BTW, Speeding up podcasts to make listening more efficient is called PodFasting. It's a great way to catch up on the podcasts that you missed. Check it out.
Inouye, M. (2016) Can We Speed Listen and Still Understand?
Friday, July 09, 2021
Learn Faster by Watching Faster
Friday, June 25, 2021
Why Students Turn Off their Cameras in Online Classes
I HATE it when my students turn off their cameras in class!
I didn't select teaching as my role in life to talk to a bunch of boxes on the screen. I want to talk to my students and see their responses as we venture into new ideas and experiences.
Unfortunately, when we had to move our classes online, educators met with a number of students who didn't turn on their cameras. I have spent the past year presenting OK Zoomer webinars for Higher-Ed and K-12 teachers. The #1 question they have is "How can I get my students to turn on their cameras?"
Good question. There are a plethora of solutions. Some answer that question by mandating students to keep their cameras active. This may be unfair because it is an invasion of their privacy. Other educators build empathy with their students by sharing important it is for them to have the opportunity to have eye contact with their students. Some instructors give extra credit points to students who show themselves.
I have been interested in learning about why students turn off their cameras. This Spring semester, I taught 100 students in three sections through Zoom. At the end of the semester, I asked them to share their reasons for turning off their cameras. I presented them with a list of 14 options and then provided a place where they could provide other reasons. They could select as many reasons as they wanted.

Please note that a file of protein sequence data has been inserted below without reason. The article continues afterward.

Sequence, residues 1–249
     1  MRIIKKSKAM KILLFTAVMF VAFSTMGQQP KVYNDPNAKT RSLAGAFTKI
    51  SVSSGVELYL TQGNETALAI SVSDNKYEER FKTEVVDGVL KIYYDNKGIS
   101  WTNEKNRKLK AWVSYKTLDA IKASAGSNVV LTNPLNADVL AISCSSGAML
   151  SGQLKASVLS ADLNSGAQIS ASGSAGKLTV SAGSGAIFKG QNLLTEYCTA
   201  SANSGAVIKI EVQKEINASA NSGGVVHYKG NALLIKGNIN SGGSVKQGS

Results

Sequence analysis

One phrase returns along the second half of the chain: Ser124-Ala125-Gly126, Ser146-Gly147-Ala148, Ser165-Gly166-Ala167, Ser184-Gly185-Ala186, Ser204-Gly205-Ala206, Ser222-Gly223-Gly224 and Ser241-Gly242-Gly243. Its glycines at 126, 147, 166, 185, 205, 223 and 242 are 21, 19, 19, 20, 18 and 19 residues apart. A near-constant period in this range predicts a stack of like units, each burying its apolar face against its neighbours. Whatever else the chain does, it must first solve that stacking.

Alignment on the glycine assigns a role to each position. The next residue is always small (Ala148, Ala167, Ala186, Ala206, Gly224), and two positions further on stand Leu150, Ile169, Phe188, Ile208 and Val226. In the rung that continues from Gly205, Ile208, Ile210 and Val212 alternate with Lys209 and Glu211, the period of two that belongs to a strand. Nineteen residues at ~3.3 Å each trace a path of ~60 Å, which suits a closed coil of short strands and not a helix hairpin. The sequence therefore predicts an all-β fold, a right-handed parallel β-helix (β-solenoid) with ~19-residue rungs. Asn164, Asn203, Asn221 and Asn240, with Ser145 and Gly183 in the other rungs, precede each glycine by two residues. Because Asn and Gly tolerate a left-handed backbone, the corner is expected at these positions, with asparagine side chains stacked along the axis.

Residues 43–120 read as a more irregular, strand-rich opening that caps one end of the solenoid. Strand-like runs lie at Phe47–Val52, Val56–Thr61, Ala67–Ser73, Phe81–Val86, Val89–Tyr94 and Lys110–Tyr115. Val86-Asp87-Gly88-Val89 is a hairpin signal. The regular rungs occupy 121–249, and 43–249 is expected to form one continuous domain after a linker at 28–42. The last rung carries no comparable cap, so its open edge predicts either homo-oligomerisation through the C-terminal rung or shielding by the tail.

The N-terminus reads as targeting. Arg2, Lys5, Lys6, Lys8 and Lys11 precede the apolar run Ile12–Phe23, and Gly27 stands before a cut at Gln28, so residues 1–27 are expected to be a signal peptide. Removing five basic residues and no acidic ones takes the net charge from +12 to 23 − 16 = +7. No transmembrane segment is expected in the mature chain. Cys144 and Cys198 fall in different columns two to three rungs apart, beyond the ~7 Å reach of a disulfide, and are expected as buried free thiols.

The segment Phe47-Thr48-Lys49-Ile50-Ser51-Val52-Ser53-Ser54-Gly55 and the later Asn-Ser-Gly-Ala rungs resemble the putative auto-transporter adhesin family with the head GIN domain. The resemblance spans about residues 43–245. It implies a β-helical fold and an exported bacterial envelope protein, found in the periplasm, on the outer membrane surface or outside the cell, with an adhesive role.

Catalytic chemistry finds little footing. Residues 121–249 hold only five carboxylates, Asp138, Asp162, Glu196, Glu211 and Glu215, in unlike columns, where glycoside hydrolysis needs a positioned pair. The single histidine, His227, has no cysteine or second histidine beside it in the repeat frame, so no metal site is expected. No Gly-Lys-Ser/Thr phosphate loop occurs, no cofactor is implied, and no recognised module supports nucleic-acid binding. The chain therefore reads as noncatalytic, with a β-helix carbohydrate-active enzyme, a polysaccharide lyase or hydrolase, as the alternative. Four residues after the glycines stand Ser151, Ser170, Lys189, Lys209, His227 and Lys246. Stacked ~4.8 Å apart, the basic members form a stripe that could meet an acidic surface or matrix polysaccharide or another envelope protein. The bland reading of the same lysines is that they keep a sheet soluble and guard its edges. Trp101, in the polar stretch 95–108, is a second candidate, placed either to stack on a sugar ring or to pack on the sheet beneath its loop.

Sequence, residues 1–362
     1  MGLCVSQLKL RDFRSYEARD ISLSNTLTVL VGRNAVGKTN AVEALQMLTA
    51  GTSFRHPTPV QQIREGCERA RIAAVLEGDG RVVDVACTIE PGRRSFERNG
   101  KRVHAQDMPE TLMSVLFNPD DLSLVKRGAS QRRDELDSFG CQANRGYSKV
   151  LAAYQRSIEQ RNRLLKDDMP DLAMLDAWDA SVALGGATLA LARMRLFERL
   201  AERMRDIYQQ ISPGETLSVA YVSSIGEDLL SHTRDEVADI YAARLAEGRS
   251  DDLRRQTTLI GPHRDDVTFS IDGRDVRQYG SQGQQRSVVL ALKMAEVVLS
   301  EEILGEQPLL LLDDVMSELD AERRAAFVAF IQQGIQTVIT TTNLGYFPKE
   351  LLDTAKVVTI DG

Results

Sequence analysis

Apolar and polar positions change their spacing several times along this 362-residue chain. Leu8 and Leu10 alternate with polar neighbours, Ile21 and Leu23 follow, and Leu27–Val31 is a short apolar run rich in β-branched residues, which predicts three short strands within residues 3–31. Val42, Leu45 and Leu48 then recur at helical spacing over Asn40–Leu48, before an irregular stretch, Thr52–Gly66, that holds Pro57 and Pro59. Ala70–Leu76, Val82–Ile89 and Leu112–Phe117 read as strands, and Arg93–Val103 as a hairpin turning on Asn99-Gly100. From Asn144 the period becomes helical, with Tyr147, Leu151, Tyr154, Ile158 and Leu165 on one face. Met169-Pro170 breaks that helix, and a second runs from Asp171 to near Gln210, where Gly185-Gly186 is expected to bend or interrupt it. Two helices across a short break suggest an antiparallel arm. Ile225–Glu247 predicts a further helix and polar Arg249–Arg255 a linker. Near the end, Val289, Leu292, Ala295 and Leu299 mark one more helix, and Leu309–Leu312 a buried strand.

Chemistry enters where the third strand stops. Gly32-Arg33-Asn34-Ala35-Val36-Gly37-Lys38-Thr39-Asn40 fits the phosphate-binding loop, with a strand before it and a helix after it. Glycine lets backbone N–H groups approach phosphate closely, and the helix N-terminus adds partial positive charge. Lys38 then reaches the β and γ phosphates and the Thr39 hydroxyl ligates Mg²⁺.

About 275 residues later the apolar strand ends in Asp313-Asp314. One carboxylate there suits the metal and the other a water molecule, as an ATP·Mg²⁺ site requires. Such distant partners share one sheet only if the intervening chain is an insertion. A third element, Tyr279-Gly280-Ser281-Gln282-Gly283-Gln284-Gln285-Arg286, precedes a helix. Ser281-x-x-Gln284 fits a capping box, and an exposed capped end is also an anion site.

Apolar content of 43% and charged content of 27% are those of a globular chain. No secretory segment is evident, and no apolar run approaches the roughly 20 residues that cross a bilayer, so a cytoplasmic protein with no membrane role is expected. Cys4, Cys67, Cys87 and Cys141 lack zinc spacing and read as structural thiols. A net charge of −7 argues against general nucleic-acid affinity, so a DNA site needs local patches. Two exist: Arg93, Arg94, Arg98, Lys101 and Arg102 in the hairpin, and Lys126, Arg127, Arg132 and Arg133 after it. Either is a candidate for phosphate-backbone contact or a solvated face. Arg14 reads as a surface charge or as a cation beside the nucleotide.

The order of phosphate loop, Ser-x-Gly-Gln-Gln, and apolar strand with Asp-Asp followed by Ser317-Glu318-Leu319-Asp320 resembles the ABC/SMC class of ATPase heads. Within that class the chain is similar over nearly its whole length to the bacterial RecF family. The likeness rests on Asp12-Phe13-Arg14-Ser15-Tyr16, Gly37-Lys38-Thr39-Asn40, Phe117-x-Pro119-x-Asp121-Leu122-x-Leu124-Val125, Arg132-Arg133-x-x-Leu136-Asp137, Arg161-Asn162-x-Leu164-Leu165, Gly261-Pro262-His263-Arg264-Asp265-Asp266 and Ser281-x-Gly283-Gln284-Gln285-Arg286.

Reasons Why Students Turn Off Their Cameras*
Survey Results: Why Students Turn Off their Cameras
I have broken these results into 6 groups: Self-Conscious, Technical, Considering Others, Status Quo, Other Activity, and Privacy:
How Can We Use These Results?
This is Only the Beginning
I NEED Your Help Higher Education Educators!!
Tuesday, April 13, 2021
Connecting with Students through Opening Questions
- If you were to write a book, What would be the topic?
- If you could have any superpower, what would it be?
- What class do you wish we offered at UNI? Why?
- How do you help others?
- Where would you like to travel?
- What is one thing you could do all day long without stopping?
- What do you think is your hidden talent?
- What is your favorite type of music?
- What is the hardest part about being a kid?
- Who inspires you?
- What are 3 things you cannot live without?
- What Bugs You?
- When are you MOST creative?
- What would YOU ask a teacher?
- What do you like to do outside?
- If you could travel back in time 3 years and visit your younger self, What advice would you give yourself?